UA puts new spin on Moby-Dick

UA puts new spin on Moby-Dick

Lightning crashes over a dark, turbulent sea as the waves roil, and from high above in the crow’s nest there comes a cry of “There she blows!” The large whaling ship is tossed about as its crew members man the longboats to go after the great white whale himself: Moby Dick.

Everyone has heard of the tale of “Moby Dick,” the classic American novel by Herman Melville, but no one has ever held a performance on stage quite like this one. The UA department of theatre and dance has produced an entirely original play based on the novel, written by theatre professor Steve Burch.

“Moby Dick” will run Feb. 21 through 27 at the Marian Gallaway Theatre in Rowand-Johnson Hall. Shows will be held at 7:30 p.m. Monday through Saturday and 2 p.m. Sunday. Tickets are $18 for adults, $15 for UA faculty/staff and seniors, and $12 for students and are available at the box office of the Gallaway and online at

“I think what’s going to make it special is that it’s a different way for people to experience the story,” said director Seth Panitch, who began collaborating on this show with writer Steve Burch about three years ago. “The book was always meant to be a visceral experience for the reader, and I think this company has done a great job taking all those elements and creating the full experience for an audience.”

But it hasn’t been easy, Panitch said. Trying to define what is going on in the script onstage has been the biggest challenge of the show. The solution is using dancers, original music, combat and hundreds of yards of fabric to represent the wind, rain, ocean and the whale.

“The script says throw a harpoon…Well, there’s no way we can actually do that,” Panitch said. So, they use dancers representing the elements to carry the harpoons across the stage as it speeds through the air. “We’ve tried to keep it as open-ended as possible to allow the audience to interpret it. Some of Melville’s text is very complicated, so it might help the audience to see it all played out.”

In addition to choreography, the play features live, original music from the Nozomi Daiko Japanese drum corps and violinist Nib McKinney. It has been a true collaborative effort between the musicians and the dancers to make this piece come together, said Marianne McConnell, a junior majoring in musical theatre who is one of the show’s dance captains.

“Because this is so new, there’s nothing to base it off except what’s on the script and in our minds,” McConnell said. “We started rehearsing without the drums and they watched, and came up with their music based on our choreography. I’m really excited about the effects we bring to the show because it feeds the emotion of the audience. There are even moments when we become people’s nightmares.”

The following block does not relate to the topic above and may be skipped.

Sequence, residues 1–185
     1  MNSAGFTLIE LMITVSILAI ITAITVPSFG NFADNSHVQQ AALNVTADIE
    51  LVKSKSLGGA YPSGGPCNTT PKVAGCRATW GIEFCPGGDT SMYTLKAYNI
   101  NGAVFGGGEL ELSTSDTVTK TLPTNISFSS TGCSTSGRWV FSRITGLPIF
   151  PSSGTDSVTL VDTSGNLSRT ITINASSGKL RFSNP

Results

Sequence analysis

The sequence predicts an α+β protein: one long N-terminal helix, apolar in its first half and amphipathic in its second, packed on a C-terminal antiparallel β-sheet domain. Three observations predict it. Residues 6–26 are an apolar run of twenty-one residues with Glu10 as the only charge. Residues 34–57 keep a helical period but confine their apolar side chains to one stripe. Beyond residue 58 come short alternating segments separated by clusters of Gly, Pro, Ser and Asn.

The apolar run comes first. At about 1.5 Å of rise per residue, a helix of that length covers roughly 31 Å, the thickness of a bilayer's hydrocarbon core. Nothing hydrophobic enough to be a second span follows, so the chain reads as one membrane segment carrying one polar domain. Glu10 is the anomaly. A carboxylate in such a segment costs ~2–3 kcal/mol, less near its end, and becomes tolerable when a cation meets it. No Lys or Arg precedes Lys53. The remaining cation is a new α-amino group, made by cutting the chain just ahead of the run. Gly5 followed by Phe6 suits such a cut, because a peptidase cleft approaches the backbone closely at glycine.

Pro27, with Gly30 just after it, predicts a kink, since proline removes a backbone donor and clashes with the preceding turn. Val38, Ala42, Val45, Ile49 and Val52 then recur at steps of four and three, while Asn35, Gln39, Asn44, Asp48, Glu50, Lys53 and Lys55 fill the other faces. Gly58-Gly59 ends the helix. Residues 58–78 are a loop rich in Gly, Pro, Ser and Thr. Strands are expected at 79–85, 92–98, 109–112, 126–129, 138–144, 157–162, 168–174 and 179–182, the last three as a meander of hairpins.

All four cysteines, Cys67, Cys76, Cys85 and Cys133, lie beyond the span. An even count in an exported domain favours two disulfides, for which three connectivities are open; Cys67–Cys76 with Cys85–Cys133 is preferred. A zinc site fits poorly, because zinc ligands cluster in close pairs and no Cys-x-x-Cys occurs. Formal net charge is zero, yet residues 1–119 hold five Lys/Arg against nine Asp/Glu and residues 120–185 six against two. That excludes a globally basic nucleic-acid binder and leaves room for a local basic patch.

Second-year master’s acting student Amy Handra plays Starbuck, first mate to Captain Ahab, and read the novel for the first time over Christmas break to prepare for her performance.

“I didn’t know what to expect but I ended up enjoying it much more than I thought I would,” Handra said. “Obviously when you’re taking an American classic and adapting it, it’s a daunting process. I think the audience’s expectations will—not to be cliché—be blown out of the water.”

The story is told from the memory of Ishmael, who takes the journey back through time as he enlists on the Pequod, Captain Ahab’s whaling ship, and takes a death-defying adventure he never expected.

“The fact that this is the story of someone our age, maybe a little older, just tossing everything away to find a new home, is something I think will appeal to our student audience,” said David Bolus, a senior majoring in theatre who plays the part of Ishmael. “It’s been one of the most phenomenal experiences I’ve had on stage.”

But it’s been a challenge, Bolus said, taking a character people have read for 150 years and bringing him to life. During his preparations for the show he has been under physical and emotional pressure to put on a spectacular performance.

“I’m a little afraid of heights,” he said, “and the crow’s nest is high enough so I’m a little bit nervous. And learning how to row realistically has been a challenge. It’s things like that, those little details, that really make the show.”

“It’s terrifying, it’s massive, it’s fraught with peril,” Panitch said. “Everyone feels like they are in the story—you start to feel like Ahab, and that’s what makes it great.”

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